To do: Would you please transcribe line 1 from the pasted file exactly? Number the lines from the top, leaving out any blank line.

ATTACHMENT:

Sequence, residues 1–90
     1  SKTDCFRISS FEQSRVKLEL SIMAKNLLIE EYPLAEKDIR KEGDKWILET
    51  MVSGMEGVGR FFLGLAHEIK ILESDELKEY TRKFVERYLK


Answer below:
Sequence, residues 1–90